A spate of global phishing scams attempting to access agencies' and publishers' manuscripts and other sensitive information prompted Penguin Random House North America to issue an urgent warning to all staff.
The PRH email was circulated with the subject line "Important: New Phishing Alert" and reads: "We have recently seen an increase in attempts to steal our manuscripts. This has occurred in multiple locations across the globe. The individuals attempting to access these manuscripts have a sophisticated understanding of our business. We need to protect ourselves from these threats."
The Bookseller understands PRH UK has been similarly targeted, with fraudsters posing as literary agents and foreign-rights staff from seemingly legitimate email addresses. Other houses have also been affected. Pan Macmillan revealed it had also been targeted by scammers trying to access manuscripts, and has issued an internal briefing to staff. The head of another global publisher said that while there have long been scams targeting confidential information such as contracts, seeking manuscripts is a new development.
The deadline is approaching to cast votes for the USA's best-loved novel. To date, more than 3.8 million votes have been cast.
Organizers of The Great American Read have released a Top 10 list of the leading candidates. The winning book will be revealed in the "Grand Finale" episode on October 23 on PBS stations nationwide.
Viewers can vote for their favorite titles each day through October 18 via Facebook, Twitter, text and phone. Click the link below for full details.
The Top Ten are:
Chronicles of Narnia series
Gone with the Wind
Harry Potter series
Lord of the Rings series
Pride and Prejudice
To Kill a Mockingbird
The number of self-published books topped the 1 million mark for the first time in 2017, according to Bowker's annual report on the number of ISBNs that were issued to self-published authors. The total number of ISBNs issued last year rose 28% over 2016, to 1,009,188.
It is important to note that these figures represent book editions not book titles - for example, a book that is published in three different formats (say hardcover, paperback and audio), would count for three ISBNs.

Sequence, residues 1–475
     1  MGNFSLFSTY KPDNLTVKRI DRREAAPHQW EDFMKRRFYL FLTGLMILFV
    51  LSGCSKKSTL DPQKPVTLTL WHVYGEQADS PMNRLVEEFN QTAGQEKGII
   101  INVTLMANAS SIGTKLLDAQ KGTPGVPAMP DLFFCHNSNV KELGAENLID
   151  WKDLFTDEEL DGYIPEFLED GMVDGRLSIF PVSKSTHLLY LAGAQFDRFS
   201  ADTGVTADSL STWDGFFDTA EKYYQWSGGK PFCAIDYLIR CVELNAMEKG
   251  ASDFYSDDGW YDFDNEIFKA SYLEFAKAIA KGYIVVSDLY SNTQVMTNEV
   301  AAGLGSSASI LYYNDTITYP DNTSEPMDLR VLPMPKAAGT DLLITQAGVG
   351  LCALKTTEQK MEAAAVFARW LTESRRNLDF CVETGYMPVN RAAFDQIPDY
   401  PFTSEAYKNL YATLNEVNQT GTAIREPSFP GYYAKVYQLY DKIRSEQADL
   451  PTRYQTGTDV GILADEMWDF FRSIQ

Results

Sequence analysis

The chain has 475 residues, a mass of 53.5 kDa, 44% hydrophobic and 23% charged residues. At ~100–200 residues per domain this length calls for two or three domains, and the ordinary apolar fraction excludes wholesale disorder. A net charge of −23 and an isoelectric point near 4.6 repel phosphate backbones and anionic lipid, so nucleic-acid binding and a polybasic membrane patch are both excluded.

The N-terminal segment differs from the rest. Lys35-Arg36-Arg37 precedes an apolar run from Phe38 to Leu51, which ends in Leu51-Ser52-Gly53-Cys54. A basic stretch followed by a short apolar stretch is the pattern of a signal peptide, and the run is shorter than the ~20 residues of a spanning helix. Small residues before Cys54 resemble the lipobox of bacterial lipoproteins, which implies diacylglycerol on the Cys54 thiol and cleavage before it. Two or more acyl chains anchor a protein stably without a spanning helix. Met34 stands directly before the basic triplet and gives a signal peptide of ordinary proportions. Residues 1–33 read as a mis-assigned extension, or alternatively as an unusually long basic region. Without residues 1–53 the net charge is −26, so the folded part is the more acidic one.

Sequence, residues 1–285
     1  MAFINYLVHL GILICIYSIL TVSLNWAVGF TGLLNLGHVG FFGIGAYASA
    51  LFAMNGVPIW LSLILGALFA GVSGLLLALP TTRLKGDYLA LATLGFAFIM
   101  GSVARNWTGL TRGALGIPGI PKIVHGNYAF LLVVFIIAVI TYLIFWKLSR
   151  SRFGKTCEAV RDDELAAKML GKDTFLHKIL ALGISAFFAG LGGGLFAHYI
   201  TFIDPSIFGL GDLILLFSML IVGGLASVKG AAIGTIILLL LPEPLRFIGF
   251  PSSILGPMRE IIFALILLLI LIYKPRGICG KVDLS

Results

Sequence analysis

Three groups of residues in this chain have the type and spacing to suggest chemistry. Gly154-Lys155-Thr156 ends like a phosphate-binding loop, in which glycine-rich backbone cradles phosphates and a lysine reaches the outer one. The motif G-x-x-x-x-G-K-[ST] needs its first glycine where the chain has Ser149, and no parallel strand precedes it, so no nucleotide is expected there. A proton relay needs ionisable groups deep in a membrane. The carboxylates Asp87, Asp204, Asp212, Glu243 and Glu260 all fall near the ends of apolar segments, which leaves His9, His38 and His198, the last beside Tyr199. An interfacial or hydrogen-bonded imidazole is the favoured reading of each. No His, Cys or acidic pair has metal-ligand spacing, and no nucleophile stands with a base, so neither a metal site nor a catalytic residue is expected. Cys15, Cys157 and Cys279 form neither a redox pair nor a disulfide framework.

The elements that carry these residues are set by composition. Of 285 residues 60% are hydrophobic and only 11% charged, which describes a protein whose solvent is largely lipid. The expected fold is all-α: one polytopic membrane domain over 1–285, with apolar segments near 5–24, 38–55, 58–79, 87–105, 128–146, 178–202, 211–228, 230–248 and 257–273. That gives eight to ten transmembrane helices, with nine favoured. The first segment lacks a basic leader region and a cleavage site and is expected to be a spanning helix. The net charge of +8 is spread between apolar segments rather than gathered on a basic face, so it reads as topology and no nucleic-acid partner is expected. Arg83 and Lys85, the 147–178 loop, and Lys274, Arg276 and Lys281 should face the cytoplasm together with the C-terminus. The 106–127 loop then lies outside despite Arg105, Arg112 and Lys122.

The gain was due entirely to the increase in the number of print ISBNs issued by Bowker last year: 879,587, an increase of 38% over 2016. The number of ISBNs issued for e-books released by self-published authors fell 13% from 2016, to 129,601.
While Bowker noted that the 2017 decline is the third consecutive year the number of ISBNs issued for e-books fell, the drop is more likely due to authors moving to Amazon's KDP self-publishing platform than an overall decline in the number e-books that were self-published last year. Because KDP uses Amazon's own ASIN identifiers rather than the industry standard ISBNs, KDP's titles do not appear in the Bowker data. Amazon does not disclose the number of KDP titles that it releases annually.
The finalists for the National Book Award are in, and this year, there's more of them than ever before.
For 2018, the National Book Foundation has added a new category for translated literature, in what seems to be an attempt to push back against the idea that Americans don't read books from other countries. It doesn't spotlight only unfamiliar names, though: The finalists in this category include Trick, translated by Namesake author Jhumpa Lahiri, who has written extensively about her decision to begin reading and writing in Italian after years of being celebrated for her beautiful English sentences.
Handbags, briefcases and ties can be checked out for up to three weeks at a time at the Riverside branch of the New York Public Library, as part of a pilot program dreamed up by Michelle Lee, a young adult librarian...
Johns Hopkins University just announced that the school will name a new research building after Henrietta Lacks, the "mother of modern medicine" whose cancer cells revolutionized medical research--and whose story came to the public's attention through Rebecca Skloot's 2010 nonfiction work, The Immortal Life of Henrietta Lacks.
"Through her life and her immortal cells, Henrietta Lacks made an immeasurable impact on science and medicine that has touched countless lives around the world," Johns Hopkins President Ronald Daniels said during the university's 9th annual Henrietta Lacks Memorial Lecture on Saturday.
Amazon's minimum-wage increase for its hourly workers comes with a trade-off: no more monthly bonuses and stock awards.
Amazon confirmed in an email to CNBC that the company is getting rid of incentive pay and stock option awards as it increases the minimum wage to $15 per hour. The company, however, stressed that the wage increase "more than compensates" for the loss in other benefits.
Among the 25 winners of the 2018 John D. and Catherine T. MacArthur Foundation fellowships (widely referred to as the "genius grants," which come with a no-strings-attached award of $625,000) are at least six people who are writers or story-tellers:
- Natalie Diaz, 40, a poet who teaches at Arizona State University.
- John Keene, 53, a writer in the Department of African American and African Studies at Rutgers University.
- Kelly Link, 49, a fiction writer in Northampton, Mass.
- Dominique Morisseau, 40, a playwright at Signature Theatre in New York City.
- Ken Ward Jr., 50, an investigative journalist with the Charleston Gazette-Mail.M
- Raj Jayadev, 43, a community organizer and co-founder of Silicon Valley De-Bug, a story-telling, community organizing, and advocacy organization.